Distributed Tracing and Monitoring using OpenCensus

Monitoring and Troubleshooting is one of the hardest aspects of operationalizing micro-service based applications, especially those that may have used OTS components and third-party services. Proper instrumentation can make a big difference in your operation.

Have you ever thought about instrumenting your application to troubleshoot a problem or monitor the health of your micro-services that make up your application? If you haven’t, you are not alone. I often see an inertia when it comes to instrumenting an app for better observability. When not familiar with the library, one wonders which library do I use? which backend / APM do I use? The examples are not in the language I am interested in, etc, etc.

For those of you who attended Google Next 18, you may have seen the “Hipster Shop” demo used in many different talks. I have retrofitted the demo, which uses 10 micro-services and is written in multiple languages to show how easily you can instrument your app with OpenCensus (OC). I’m hoping this blog will help some of you with getting started and will provide as a reference example.

Before I dive into the demo app let me provide a brief introduction to OpenCensus.

OpenCensus

OpenCensus (OC) is a single distribution of open source libraries to provide observability with distributed tracing and monitoring of your micro-services and monoliths alike. OC is an open-source project backed by Google and Microsoft and has growing community behind it. The community is very active to make sure that your favorite frameworks, libraries and modules are automatically instrumented without you having to do anything. For example, OC library is supported in the following languages

Java , Go, Python, C++, Nodejs, Erlang, Ruby, PHP, C#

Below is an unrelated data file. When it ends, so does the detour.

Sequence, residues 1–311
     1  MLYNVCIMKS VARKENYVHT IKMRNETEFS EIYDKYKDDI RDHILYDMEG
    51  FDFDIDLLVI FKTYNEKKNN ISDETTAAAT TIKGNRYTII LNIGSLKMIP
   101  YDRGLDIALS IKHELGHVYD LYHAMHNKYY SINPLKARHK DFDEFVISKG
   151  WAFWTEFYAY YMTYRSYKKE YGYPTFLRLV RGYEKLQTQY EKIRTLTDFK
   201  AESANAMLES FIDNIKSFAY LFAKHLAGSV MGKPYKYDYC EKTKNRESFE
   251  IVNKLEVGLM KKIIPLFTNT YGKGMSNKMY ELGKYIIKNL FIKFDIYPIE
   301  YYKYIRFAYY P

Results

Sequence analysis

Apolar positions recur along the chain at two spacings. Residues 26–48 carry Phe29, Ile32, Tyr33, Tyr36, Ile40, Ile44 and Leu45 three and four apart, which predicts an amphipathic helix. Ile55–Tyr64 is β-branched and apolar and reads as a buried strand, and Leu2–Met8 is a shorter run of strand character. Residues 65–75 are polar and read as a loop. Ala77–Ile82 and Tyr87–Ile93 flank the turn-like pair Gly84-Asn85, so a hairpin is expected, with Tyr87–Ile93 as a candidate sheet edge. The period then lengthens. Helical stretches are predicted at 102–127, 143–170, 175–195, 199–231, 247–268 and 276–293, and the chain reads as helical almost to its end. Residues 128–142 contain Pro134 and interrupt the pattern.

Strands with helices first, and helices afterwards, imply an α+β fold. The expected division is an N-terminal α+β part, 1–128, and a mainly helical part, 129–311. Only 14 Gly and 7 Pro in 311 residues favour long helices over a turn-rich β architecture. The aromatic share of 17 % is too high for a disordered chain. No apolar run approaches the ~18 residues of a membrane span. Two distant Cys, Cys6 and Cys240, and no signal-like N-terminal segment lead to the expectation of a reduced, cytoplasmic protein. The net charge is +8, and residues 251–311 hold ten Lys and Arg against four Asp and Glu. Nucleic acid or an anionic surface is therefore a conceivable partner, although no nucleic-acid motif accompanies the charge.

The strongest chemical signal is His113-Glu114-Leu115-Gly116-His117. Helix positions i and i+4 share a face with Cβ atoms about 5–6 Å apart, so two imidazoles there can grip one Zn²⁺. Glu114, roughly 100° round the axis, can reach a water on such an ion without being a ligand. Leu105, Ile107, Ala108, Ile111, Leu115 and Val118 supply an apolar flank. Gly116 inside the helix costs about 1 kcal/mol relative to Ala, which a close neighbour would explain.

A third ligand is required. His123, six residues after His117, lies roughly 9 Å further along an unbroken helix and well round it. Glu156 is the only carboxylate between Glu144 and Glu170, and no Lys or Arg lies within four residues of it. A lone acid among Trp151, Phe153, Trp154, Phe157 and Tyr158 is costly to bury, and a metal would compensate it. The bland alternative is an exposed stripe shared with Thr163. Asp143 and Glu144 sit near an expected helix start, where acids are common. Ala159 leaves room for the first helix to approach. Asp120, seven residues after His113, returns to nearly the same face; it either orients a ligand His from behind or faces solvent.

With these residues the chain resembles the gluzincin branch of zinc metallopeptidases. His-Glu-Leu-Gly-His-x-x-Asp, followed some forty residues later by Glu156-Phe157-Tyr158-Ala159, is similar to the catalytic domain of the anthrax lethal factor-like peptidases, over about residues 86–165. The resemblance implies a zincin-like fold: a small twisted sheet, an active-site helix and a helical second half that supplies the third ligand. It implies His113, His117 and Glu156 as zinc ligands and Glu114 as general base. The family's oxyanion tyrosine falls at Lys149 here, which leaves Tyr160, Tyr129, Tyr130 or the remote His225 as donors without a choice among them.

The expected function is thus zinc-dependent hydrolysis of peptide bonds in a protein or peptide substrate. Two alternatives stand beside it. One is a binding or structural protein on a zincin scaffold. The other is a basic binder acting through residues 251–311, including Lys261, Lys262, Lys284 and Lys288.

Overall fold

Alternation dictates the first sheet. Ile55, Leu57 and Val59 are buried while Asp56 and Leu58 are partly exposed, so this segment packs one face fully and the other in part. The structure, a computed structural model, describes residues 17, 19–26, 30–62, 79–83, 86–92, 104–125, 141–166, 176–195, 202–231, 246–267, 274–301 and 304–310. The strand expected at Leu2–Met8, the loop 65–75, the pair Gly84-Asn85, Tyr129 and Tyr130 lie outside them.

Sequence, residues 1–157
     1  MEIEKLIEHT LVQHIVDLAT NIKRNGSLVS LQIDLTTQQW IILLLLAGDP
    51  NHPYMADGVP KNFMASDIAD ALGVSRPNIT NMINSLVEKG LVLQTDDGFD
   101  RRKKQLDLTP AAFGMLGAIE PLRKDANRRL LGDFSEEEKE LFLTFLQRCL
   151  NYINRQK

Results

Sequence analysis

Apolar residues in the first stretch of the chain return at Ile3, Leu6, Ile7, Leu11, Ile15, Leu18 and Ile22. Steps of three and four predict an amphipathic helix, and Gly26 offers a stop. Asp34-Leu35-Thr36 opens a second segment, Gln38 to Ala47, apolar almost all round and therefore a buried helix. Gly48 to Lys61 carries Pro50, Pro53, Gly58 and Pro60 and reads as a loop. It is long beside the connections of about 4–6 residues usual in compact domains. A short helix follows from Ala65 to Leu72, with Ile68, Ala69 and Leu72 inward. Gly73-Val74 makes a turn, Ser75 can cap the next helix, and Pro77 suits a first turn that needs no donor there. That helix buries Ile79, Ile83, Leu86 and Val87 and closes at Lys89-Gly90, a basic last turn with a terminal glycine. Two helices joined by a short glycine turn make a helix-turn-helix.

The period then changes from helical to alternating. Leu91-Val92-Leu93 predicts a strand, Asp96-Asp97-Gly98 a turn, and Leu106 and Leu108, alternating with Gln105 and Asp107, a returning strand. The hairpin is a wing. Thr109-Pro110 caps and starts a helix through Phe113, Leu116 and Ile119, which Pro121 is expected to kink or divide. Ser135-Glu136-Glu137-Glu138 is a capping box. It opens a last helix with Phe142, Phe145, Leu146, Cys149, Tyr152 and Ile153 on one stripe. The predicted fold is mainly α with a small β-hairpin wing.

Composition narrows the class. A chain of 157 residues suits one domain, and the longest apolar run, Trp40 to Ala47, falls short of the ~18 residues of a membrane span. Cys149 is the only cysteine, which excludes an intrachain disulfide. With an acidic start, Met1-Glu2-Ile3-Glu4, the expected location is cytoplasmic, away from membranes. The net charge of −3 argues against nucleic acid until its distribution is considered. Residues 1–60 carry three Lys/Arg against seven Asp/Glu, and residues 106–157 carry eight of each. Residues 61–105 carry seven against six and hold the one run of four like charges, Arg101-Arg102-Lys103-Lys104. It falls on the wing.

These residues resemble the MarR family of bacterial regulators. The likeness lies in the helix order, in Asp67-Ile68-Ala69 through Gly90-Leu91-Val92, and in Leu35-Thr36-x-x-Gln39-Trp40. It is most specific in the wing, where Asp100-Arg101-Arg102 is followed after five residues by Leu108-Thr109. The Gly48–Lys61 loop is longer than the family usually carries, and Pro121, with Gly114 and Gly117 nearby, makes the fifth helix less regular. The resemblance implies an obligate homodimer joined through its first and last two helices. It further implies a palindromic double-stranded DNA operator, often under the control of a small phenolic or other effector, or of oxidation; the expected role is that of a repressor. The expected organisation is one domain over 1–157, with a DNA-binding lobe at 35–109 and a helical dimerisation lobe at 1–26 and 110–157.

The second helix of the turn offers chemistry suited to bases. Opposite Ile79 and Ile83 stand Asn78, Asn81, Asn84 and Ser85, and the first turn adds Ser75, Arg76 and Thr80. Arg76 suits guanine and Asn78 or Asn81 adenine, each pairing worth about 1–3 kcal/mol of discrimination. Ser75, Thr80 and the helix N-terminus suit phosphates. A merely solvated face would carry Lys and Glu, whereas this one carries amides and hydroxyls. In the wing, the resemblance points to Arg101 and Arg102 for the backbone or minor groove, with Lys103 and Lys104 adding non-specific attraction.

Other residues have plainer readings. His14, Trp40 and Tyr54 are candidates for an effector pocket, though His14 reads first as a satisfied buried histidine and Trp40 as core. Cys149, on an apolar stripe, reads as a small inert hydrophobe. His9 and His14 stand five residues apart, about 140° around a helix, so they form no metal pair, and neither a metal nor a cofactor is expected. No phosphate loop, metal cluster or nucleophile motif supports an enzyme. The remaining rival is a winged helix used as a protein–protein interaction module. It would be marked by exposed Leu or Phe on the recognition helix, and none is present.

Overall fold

OpenCensus allows you to collect metrics and traces once and then export them to a variety of backends such as Prometheus, Stackdriver Tracing and Monitoring, DataDog, Graphite, Zipkin, Jaeger, Microsoft Azure Application Insights etc.

OpenCensus Tracing

In a distributed system it is important to know how a request flows from one service to another and how long it takes to perform a task in each service. OpenCensus Tracing provides a mechanism to collect data across multiple spans[] and later join these spans to form a single trace for a request.

These traces can be annotated for additional information that can be useful for troubleshooting.

OC tracing is integrated with gRPC (Java and Go) and HTTP (Go, Python) which makes it very easy to enable tracing in your distributed application. This is demonstrated in this blog using a distributed retail application call Hipster Shop1.

OpenCensus Stats

Stats/Metrics are very useful in determining the health of the overall application and the health of individual micro-services from various perspectives. For example, mean and 99th percentile latency of the request, number of cache hit vs cache miss, etc. OC Stats provides a mechanism to collect these stats and aggregate them. It also allows tagging which can be used to group and filter them.

Again OC integration with gRPC (Java and Go) and HTTP (Go) makes it very easy to enable certain metric. You can certainly add your custom metric. The retail demo application Hipstershop will demonstrate how easy it is to start collecting stats/metric.

Demo Application: Hipster Shop

Hipstershop is a demo application based on 10 micro-services written in multiple languages (Go, Java, Python, Nodejs and C#). In this blog we will show how Hipstershop application uses OpenCensus to enable Tracing and Stats.

Click here for instructions on how to download and run Hipstershop application

Enabling Tracing

HTTP Go

It only requires two steps to start collecting traces with HTTP Go integration. Please see the code excerpt below from the Frontend micro-service.

Step 1: Initialize the net/http handler

Initialize the handler with the Opencensus Go HTTP plugin (ochttp).

import (
...
"go.opencensus.io/plugin/ochttp"
"go.opencensus.io/plugin/ochttp/propagation/b3"
...
)
func main() {
...
var handler http.Handler = r
handler = &logHandler{log: log, next: handler}
handler = ensureSessionID(handler)